I’m serious. Scientific meetings should be for scientists to disseminate results among themselves and plan future research. Meeting coordinators need to stop holding press conferences and distributing press releases. What is their goal? Influencing funding? All that seems to be accomplished is the proliferation of articles exaggerating or completely misinterpreting the results. Studies presented at meetings are often pilot studies, preliminary analyses, and exploratory projects. There’s no peer-review beyond selection of which studies are presented based on very brief abstracts (summaries).
Your eye doctor could look at your eye and tell if you are developing Alzheimer’s Disease?!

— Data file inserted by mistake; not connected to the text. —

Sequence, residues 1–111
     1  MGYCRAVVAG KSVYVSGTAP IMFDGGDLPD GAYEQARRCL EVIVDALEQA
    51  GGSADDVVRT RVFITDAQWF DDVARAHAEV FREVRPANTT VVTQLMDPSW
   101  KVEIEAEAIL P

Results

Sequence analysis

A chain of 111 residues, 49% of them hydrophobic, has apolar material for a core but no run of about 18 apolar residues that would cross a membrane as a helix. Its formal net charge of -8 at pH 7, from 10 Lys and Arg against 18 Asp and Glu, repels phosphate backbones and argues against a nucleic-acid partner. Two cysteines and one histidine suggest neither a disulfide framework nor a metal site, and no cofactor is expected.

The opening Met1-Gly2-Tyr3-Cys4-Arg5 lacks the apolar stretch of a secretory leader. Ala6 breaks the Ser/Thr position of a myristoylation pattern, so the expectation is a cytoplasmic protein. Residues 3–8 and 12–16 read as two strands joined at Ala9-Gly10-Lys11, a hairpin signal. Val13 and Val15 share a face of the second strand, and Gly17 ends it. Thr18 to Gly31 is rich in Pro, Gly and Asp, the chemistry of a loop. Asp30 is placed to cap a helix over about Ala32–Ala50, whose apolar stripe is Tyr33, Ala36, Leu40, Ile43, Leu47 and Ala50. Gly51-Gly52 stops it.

The studies described compared people with full-fledged Alzheimer’s Disease to people without the disease. This is far from detecting it early. In fact, based on the article, the test missed 15% of AD patients and misdiagnosed 5 – 15% of unaffected controls.
That’s another problem with reporters covering scientific meetings — we can’t read the actual source paper presenting the results because it doesn’t exist yet. At a meeting, results are either presented as a short platform presentation with Powerpoint slides or as a large poster. Sometimes results and conclusions change by the time the full paper is published which could be months to years later or even never. In this case, I had to read four articles before one actually named the meeting: Alzheimer’s Association International Conference in Copenhagen.